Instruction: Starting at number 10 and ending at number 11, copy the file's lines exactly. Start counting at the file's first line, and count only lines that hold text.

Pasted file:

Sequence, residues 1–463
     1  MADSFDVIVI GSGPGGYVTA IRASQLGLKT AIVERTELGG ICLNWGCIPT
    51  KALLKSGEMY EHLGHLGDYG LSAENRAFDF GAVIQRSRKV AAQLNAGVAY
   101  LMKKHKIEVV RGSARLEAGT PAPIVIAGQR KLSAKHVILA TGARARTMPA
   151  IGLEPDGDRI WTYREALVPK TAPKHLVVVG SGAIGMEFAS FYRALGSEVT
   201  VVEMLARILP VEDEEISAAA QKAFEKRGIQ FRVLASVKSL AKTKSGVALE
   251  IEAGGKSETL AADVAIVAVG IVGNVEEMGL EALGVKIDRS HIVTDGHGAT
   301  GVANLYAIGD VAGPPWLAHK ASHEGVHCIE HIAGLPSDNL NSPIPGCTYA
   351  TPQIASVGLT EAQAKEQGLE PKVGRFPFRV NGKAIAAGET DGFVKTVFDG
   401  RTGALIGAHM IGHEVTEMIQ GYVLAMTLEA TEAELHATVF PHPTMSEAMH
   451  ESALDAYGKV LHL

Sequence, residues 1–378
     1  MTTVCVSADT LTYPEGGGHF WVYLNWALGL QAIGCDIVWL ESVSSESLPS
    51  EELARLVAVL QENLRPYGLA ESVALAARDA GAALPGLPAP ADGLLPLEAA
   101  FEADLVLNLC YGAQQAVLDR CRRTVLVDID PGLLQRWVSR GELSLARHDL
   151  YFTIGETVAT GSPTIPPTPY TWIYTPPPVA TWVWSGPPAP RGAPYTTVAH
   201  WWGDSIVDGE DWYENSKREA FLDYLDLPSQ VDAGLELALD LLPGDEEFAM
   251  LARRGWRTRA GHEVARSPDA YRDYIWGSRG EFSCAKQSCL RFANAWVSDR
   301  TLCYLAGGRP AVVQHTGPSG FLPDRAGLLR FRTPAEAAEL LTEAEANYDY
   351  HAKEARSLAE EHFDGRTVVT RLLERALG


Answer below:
   401  RTGALIGAHM IGHEVTEMIQ GYVLAMTLEA TEAELHATVF PHPTMSEAMH
   451  ESALDAYGKV LHL